So a few months ago over a twitter a local baby store and I were having a very casual conversation about some swaddling blankets. Casual, very casual -like, it was over twitter, you know what I mean? The baby store tweep tweeted that they had such and such a brand of infant swaddling blankets back in stock. I then tweeted, cool, I will tell some of my clients who are shopping for that item. Only I didn’t even use the word item because the whole thing was so casual. I had a few clients that were interested in the Happiest Baby on the Block class that I very occasionally teach. Swaddling is a key component. Having a great blanket in which to swaddle your baby is pretty awesome if you and your baby like swaddling. It can be any type of blanket, really, but I happen to like this brand. It is cotton. It is cute. Most people seem to find it easy to use.
Then smack out of the twitterverse came a smack down from a far off fellow birth professional - How dare I, a birth doula and educator, imply that women need a special sort of blanket. Do I really think that women were so stupid that before Harvey Karp came along with his 5s they just stood there perfectly still with naked with cold babies? It was just a big marketing scheme and he stole all his information from grandmothers to whom he doesn’t give one dime of his money. Do I really think that women are too stupid to just wrap their baby up?
Um, no, I do not think women are stupid. I just like the blanket. I insist on my right as a person first, a parent second - and childbirth educator & doula third - to like a type of blanket on twitter. If the blanket were on Facebook, I would like it there too. I also insist on my right to friendly networking with other businesses as long as that networking does not harm my clients. Since this was a public, casual exchange on twitter from which I made absolutely no money, I am willing to say it caused no harm to anyone. I like the swaddling blankets they sell. They are all cotton, cute and big enough to swaddle a decent sized baby in there. This is not much different than having a very favorite sippy cup. Why it is your favorite? Because your kid took it even while you were still breastfeeding, it is dishwasher safe, BPA free and you haven’t lost it in the trunk of your minivan - yet.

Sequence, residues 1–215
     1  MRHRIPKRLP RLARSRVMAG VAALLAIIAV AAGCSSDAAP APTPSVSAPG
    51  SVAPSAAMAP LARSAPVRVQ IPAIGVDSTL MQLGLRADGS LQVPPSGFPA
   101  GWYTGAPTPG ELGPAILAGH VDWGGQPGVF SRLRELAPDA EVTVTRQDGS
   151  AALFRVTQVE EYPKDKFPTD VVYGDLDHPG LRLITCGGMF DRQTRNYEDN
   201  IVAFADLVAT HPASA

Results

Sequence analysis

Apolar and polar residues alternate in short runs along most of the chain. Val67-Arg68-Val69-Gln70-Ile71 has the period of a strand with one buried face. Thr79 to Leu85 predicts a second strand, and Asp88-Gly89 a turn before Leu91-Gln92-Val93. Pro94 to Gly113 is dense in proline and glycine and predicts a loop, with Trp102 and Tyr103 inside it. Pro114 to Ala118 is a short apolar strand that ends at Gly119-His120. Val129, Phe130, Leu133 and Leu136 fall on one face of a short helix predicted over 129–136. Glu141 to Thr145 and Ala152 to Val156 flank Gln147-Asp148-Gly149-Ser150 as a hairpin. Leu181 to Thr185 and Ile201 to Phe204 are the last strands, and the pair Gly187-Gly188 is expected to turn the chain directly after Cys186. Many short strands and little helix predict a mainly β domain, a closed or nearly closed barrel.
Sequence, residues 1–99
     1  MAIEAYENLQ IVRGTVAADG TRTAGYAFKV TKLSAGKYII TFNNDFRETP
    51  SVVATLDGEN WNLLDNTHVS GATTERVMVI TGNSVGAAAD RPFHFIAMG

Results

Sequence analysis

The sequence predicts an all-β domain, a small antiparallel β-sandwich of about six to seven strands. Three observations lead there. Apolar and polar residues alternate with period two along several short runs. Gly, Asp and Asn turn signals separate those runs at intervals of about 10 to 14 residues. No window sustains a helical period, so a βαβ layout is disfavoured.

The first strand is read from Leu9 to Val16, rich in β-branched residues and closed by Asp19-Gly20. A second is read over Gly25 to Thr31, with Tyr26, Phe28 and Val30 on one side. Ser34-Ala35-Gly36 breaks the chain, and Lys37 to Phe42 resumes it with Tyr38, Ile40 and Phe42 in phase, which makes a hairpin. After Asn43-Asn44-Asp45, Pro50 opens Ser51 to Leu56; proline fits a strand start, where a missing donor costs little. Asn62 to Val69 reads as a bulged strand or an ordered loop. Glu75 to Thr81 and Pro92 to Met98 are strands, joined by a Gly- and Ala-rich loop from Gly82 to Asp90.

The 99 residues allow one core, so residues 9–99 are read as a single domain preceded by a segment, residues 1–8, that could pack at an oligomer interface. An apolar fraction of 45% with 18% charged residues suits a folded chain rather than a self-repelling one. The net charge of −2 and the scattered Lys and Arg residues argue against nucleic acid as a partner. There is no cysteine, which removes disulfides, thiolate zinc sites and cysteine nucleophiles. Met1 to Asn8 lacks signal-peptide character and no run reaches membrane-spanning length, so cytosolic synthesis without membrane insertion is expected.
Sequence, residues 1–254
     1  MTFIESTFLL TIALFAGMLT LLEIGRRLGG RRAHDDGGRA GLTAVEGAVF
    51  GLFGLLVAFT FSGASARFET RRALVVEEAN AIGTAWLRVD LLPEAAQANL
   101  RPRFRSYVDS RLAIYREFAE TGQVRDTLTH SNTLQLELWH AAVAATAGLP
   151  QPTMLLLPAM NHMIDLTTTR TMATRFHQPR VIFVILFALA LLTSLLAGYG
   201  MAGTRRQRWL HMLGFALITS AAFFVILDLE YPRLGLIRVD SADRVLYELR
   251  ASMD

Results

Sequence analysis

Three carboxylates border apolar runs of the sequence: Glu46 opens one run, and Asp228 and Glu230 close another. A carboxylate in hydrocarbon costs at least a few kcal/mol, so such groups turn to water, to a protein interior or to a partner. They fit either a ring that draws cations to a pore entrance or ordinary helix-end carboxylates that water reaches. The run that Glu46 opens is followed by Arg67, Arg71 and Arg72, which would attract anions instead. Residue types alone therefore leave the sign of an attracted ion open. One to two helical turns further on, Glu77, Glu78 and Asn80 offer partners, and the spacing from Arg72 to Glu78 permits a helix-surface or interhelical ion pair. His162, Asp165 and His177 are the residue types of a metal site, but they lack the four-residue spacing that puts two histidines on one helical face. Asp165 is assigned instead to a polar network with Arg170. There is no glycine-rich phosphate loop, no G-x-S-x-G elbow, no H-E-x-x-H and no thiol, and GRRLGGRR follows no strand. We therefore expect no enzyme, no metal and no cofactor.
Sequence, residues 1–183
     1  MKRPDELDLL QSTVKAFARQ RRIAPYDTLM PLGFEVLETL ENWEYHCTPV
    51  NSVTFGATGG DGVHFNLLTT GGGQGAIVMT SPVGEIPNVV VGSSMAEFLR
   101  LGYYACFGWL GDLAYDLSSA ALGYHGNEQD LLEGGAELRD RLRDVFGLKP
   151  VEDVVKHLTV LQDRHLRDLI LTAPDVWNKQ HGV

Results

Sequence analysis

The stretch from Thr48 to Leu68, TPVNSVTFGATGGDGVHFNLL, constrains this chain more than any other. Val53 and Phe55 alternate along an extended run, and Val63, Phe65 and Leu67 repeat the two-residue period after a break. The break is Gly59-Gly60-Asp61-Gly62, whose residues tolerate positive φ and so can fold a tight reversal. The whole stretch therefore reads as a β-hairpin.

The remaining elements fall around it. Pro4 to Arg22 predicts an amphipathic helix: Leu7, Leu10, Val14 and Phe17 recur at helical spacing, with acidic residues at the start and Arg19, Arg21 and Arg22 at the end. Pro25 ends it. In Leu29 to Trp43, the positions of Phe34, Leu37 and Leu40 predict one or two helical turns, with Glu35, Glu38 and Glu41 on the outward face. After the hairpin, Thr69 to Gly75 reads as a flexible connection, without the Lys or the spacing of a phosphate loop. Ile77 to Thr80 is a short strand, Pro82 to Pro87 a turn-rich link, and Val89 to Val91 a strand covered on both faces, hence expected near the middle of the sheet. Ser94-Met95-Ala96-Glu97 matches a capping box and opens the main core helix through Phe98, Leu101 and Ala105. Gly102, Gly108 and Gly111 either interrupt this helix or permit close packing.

As for Harvey Karp and the 5 s-theory, it is possible the man gives none of his money to grandmothers. I don’t know. I do think that outcry on the part of other professionals about his making money from writing a book does not stand up to much of an integrity test. Our experts are filling a void that exists for some reasons that have not much to do with my favorite baby blanket.
Would it be better if we learned our soothing baby skills at our mothers’ knees? Possibly some things might be better. But my mother was at work & I bet your mother was too. For me to have been constantly in the company of mothers and aunties soothing babies well into my later childhood and teen years would have meant her foregoing graduate school and a successful career in favor of extended fertility. Would it be better for new moms to be supported postpartum by neighbors, friends and sisters and not experts on twitter and postpartum doulas? Maybe, but aren’t our sisters, neighbors and friends mostly at work? And isn’t it true that although we have not much of a protected maternity leave, some of us would still chose to be back at work?
It is possible our culture has too many baby and parenting experts. I can certainly relate to the overwhelmed feeling that many new mother’s experience. But do we really have more experts? Our sometimes experts of mothers and grandmothers provided this work for free to their communities, or perhaps in exchange for other services, before they were part of what we call the work force. Our experts are now in the marketplace. I consider this just a fair game as buying my produce at the farmer’s market. Growing my own veggies can be satisfying, delightful and probably not even out of my skill set once I devoted time and patience to the project. However, the veggies at the farmer’s market
are delicious, are sold for a fair price and I have no qualms whatsoever about bringing them home in exchange for cash.
Also, I like that blinking blanket. It’s nice.
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